Friday, June 09, 2006

Mutant Storm: The Positive Side of Negative Feedback

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Blogger Yu-Chung Chen said...

Hi Daniel,

Nice start for all of us :) I find your post title very interesting and I'm sure the idea is, too, but there's one thing I don't really understand:

Basically you are saying that negative feedback reflects the skill level of the player better than positive feedback, right?

My question is this: Why is the player more likely to retry with negativ feedback?

I'm not getting your last quarter and enemy 87 example, too. Maybe you can name a specific game with positive feedback where it is too hard to train in the last quarter, but would benefit from negativ feedback (to tell the player to train elsewhere?)

10 June, 2006 00:32  
Blogger Daniel 'sirleto' Renkel said...

answer to your question: if you've got an typical game with positive feedback, you will easily overcome all obstacles in the beginning and when it really gets hard in the end, you're not trained enough. and you won't train there, because it's far to hard.

if you've got to train in the beginning, you will most often feel less annoyed by it. think about your own experiences.

i've got no special example on my mind, but i've played quite a lot in the last days that work this way. probably a good example is the final fantasy series, but they've got a few more problmes with motivating me to really finish the game than only positive or negative feedback :)

ps: i've tryied to reword the enemy 87 example - in fact there is no numbering there anymore - should make it a bit easier =)

12 June, 2006 09:52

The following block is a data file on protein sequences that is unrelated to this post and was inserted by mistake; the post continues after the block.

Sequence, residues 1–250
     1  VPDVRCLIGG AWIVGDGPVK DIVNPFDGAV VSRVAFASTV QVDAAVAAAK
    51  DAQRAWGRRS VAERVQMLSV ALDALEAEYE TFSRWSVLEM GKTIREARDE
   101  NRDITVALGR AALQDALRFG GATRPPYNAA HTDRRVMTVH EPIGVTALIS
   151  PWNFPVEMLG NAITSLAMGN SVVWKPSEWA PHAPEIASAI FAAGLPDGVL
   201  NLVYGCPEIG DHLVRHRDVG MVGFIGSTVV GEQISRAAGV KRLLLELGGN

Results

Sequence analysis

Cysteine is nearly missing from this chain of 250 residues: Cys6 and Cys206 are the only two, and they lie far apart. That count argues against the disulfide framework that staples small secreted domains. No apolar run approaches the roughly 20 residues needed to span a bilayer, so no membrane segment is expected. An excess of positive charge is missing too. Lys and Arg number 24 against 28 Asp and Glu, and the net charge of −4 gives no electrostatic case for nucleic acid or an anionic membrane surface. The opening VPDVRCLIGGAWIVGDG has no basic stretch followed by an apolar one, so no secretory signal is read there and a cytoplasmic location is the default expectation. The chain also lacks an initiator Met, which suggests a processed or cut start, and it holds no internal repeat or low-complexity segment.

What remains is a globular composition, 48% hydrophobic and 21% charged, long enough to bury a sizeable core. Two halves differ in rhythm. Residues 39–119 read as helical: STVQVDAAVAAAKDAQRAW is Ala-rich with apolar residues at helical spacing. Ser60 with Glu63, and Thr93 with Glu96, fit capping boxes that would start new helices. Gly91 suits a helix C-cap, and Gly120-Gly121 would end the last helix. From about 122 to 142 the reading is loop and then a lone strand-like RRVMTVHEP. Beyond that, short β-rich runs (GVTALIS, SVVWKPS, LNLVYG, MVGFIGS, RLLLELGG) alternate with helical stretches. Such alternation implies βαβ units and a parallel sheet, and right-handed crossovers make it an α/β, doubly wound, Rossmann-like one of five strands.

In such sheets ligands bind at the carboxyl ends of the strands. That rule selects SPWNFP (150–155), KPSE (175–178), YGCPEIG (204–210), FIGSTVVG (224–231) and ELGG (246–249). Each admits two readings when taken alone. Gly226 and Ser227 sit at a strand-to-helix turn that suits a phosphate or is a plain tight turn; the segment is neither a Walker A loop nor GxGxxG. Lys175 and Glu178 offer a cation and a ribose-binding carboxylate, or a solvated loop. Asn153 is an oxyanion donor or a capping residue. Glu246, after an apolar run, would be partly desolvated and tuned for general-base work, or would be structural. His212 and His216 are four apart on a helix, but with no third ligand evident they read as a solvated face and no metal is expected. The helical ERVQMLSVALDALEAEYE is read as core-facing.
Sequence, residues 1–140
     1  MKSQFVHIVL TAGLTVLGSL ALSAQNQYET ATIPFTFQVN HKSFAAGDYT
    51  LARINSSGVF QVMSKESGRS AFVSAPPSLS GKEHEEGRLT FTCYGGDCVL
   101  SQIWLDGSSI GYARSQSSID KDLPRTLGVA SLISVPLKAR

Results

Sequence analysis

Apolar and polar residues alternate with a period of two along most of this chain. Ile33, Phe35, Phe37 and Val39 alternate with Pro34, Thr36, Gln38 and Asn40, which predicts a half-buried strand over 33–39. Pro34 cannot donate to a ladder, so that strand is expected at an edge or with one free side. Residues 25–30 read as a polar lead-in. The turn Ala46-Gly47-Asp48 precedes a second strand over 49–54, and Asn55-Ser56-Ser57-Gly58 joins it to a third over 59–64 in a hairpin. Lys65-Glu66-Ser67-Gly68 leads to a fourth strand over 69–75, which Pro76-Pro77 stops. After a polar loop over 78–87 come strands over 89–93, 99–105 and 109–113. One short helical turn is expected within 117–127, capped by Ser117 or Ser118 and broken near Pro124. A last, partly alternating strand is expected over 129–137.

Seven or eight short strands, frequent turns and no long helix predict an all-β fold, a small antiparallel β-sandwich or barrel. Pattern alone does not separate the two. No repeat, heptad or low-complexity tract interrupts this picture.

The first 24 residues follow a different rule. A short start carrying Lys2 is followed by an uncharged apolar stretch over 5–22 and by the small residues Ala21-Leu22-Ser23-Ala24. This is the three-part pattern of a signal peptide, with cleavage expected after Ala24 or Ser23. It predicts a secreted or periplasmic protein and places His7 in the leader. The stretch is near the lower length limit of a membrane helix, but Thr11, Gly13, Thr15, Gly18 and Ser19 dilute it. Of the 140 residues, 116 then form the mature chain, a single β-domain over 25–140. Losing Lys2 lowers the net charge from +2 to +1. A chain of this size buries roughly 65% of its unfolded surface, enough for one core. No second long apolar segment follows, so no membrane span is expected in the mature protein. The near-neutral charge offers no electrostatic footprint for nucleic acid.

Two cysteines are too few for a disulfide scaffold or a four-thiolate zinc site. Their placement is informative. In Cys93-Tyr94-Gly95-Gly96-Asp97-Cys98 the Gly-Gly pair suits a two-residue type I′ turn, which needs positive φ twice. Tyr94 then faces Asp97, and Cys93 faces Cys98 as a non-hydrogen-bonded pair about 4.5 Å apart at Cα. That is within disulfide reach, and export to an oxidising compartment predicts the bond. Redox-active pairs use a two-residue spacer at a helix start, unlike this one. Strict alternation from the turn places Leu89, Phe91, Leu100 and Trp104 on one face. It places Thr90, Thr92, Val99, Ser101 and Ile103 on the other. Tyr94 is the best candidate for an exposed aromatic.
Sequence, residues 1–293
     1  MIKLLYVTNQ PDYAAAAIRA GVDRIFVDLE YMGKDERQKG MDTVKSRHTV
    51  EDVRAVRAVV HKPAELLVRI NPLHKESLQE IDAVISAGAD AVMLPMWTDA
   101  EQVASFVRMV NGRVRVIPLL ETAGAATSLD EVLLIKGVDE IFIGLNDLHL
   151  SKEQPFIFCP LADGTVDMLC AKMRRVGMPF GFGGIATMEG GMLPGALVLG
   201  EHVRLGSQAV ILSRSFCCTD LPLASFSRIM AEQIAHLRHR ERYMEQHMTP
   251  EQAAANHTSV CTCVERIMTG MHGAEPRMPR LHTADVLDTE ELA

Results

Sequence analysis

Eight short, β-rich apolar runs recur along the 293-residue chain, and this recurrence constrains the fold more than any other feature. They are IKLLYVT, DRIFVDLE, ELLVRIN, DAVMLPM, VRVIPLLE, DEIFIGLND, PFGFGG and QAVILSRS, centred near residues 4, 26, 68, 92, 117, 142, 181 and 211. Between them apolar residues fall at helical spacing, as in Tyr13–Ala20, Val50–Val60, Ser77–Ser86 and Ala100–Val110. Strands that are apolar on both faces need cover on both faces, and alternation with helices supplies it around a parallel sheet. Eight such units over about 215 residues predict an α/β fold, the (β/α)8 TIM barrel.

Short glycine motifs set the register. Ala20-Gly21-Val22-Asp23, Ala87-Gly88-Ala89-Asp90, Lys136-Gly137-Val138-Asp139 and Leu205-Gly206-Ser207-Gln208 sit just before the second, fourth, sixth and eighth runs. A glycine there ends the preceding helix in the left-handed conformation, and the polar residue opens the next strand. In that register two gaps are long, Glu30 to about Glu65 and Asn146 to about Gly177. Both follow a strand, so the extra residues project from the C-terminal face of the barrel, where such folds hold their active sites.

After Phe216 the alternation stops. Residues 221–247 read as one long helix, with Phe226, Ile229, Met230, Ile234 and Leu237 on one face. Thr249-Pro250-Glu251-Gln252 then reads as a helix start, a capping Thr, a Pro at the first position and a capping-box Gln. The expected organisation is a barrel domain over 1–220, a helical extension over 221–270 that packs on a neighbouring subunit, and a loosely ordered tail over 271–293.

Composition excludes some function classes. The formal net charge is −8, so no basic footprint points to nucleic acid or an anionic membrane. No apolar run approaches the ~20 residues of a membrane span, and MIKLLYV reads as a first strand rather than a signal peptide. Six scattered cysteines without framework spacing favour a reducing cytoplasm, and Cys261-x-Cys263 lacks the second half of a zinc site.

Blogger Krystian Majewski said...

I just thought that it is possible to "train" later in the game. Normally, you can use a password or a savegame to jump forward to a place further in the game and repeadetly try the harder obstacles. However, this leads to the well-known "quicksave creep" where the player would save frequently and reload as soon as he feels he screwed up. The player tries again and again until he finally beats an obstacle - not because of improves skills but only by chance. Negative Feedback with less possibilities to save you progress (like in most aracde titles) forces you to overcome the same obstacle frequently and to aquire skills and stategies that can be relied on.

12 June, 2006 17:05  
Blogger Yu-Chung Chen said...

OK, I see. I would say the learning curve is more important, the feedback only helps to make sure the player acquires a certain skill level before moving on.

In a way, that can be compared to the items in Zelda games, where the puzzles make sure you get and learn to use it before you can solve a dungeon. Only skills are less tangible than items.

I'll have to try and come up with a title where I stucked because I wasn't trained properly by the game.

Btw, Ninja Gaiden has negative feedback all the time. If you're saying that preventing the player from proceeding by making it hard as hell will ensure his skill level for the coming obstacles, then NG absolutely proves your point.

13 June, 2006 00:20  
Blogger Daniel 'sirleto' Renkel said...

oh - don't get me wrong. i'm not saying that making a game as hard as hell is good - not at all!

but i see negative feedback as some sort of balancing curve inside a short amount of time, i.e. the typical "level". you just must overcome the middle hard obstacles in a level before you can see the really hard ones.

in the games where you will be stopped first time by late and hard events - it will be really hard to overcome them, because you can't really train basic tactics/strategies there, but must rely on luck.

13 June, 2006 09:53  
Blogger Krystian Majewski said...

A title where I stucked because I wasn't trained properly by the game: Meal Gear Solid. All the time, I get through the game only by "quick save creep". Although in this case, I don't think it's the fault of too little training. Here, it's more about inpredictable mechanics.

13 June, 2006 15:45  
Blogger Yu-Chung Chen said...

The more I think about negative feedback the more I have to agree that it's a much more effective indicator for one's performance.

In games when you can "somehow pass through" then it's not satisfying. Thanks Krystian for mentioning MGS, I forgot I did feel that way too. Games Quarter (I think it was them) put it like this: "you can go through the whole game without learning the proper way to do it". It struck me: without negative feedback, even success might feel like cheating.

Even in (real) life, you grow the most when you make a mistake. They are the ones to stick in your mind.